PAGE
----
As stated, I’ve made some mistakes in the past, and one of those was discounting weight training as not for me. Nonsense, this is one of the most immensely satisfying activities you can do, and is a great accelerator for burning fat and building muscle. There’s a perception that weights can bulk you out; that’s true, however doing weights using a structured programme can make you leaner and stronger. Stronglifts is one of the best training resources in this arena. It focuses on 5 exercises, with an aim of incremental improvements along the way. This may seem basic, but these exercises target all major muscle groups, and you will see big improvements over a short period of time.

When you feel you need to switch it up, then start looking at group exercises like kettlebell classes or circuits. Or if you are starting to feel more confident, look into using outdoor gyms. These are dotted all over the place, and are excellent — bodyweight exercises have major health benefits. Most of these include the dreaded pull-up bars. A true test of strength; even getting 1 pull-up is a major achievement for beginners. I hate pull-ups, so every time I see a bar, I work on it immediately — do the thing you hate first; get it out of the way.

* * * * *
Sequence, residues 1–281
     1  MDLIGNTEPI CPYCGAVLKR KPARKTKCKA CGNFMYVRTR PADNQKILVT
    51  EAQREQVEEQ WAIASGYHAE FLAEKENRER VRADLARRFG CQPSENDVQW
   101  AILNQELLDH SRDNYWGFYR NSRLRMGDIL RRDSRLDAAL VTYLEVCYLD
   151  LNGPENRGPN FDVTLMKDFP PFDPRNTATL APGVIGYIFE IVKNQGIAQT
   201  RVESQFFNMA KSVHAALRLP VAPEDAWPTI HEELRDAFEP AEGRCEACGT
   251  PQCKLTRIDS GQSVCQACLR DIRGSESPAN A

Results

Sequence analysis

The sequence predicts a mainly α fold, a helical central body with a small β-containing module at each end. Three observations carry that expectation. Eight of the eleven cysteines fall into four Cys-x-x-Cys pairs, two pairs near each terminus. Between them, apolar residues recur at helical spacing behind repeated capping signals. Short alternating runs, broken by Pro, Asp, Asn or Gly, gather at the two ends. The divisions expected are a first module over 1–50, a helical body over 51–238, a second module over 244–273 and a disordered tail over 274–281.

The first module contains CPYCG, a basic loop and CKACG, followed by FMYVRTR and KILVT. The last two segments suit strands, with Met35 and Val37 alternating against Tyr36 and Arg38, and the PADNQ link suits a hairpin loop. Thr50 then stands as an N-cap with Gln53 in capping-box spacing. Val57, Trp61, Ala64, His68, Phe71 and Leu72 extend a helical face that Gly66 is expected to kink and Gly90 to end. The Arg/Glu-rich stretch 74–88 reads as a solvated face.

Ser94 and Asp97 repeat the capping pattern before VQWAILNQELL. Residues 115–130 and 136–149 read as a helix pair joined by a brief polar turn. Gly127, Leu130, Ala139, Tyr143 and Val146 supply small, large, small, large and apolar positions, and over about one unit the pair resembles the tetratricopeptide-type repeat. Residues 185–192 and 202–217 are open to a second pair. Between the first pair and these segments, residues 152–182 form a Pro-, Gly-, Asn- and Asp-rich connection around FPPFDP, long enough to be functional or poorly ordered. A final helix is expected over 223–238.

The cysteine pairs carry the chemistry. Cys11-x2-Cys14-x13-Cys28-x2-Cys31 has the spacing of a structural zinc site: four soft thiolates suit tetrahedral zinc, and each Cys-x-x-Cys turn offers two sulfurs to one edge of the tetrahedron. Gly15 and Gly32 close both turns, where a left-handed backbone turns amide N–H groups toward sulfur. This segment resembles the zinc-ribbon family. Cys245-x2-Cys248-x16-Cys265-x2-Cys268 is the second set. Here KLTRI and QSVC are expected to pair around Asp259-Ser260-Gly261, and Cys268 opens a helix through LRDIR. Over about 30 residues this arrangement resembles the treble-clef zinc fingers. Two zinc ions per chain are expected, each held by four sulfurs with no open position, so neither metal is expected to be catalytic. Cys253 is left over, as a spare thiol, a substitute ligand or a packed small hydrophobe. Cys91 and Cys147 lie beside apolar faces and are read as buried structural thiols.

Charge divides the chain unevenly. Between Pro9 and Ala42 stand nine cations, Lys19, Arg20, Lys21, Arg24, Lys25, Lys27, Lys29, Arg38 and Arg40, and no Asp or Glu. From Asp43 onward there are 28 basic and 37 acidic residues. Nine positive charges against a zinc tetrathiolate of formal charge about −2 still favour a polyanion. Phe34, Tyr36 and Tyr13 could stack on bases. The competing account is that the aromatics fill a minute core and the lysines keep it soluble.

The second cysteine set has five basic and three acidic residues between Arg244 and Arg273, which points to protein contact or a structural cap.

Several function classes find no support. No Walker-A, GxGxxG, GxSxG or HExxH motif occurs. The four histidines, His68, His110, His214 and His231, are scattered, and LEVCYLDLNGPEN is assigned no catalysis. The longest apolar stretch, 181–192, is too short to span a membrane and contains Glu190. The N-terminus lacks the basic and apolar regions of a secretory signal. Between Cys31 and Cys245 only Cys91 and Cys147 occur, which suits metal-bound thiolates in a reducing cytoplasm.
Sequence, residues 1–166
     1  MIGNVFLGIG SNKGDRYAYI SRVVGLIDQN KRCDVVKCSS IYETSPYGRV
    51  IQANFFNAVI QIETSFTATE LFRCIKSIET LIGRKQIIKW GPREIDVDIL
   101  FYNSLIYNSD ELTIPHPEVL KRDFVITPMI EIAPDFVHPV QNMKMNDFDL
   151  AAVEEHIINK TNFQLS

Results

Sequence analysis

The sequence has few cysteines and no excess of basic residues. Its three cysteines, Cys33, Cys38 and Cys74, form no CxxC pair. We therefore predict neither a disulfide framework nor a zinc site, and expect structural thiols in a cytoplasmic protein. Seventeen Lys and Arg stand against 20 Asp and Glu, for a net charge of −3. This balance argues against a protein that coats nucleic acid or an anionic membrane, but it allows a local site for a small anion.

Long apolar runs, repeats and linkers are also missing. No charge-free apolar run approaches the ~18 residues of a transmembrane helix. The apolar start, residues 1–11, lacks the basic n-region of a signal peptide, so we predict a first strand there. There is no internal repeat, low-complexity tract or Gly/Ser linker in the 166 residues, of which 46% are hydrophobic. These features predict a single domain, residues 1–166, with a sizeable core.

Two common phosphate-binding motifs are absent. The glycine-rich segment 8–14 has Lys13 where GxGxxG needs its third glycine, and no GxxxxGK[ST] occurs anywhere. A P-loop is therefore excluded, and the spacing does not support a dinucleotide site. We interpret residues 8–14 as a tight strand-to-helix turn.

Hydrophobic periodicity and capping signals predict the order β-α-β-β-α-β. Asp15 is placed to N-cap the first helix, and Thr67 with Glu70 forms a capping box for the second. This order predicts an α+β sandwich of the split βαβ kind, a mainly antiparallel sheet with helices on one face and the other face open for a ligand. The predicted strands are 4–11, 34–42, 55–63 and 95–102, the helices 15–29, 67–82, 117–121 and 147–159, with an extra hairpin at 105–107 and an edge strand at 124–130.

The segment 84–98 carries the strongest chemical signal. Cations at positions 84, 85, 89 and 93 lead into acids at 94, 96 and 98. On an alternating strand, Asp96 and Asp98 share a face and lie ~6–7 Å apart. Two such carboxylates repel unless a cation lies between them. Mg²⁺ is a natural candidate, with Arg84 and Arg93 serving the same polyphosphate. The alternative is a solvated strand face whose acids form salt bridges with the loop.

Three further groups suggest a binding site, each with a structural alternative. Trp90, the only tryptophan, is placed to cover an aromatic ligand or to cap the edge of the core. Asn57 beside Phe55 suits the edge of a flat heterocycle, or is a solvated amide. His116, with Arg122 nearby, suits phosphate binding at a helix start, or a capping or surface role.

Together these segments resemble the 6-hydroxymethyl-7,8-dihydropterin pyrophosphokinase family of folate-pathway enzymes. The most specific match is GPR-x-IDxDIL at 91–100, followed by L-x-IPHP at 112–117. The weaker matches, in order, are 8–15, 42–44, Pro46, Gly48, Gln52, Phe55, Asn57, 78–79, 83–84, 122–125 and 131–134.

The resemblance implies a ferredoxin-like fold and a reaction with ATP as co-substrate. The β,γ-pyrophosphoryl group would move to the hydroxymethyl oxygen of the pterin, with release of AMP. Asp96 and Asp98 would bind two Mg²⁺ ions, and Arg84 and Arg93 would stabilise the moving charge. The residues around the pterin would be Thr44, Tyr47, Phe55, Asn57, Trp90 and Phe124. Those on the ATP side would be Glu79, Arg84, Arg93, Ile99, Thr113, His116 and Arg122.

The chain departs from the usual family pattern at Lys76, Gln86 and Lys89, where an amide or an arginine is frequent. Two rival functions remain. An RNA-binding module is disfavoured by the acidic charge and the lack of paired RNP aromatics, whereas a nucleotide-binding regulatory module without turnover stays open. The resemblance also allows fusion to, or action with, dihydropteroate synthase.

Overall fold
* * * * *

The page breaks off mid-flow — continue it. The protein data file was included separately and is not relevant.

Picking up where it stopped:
If you go beyond this training level, and really want to push yourself with weights, see a personal trainer. They will advise you best on form, technique and different ways to work with weights.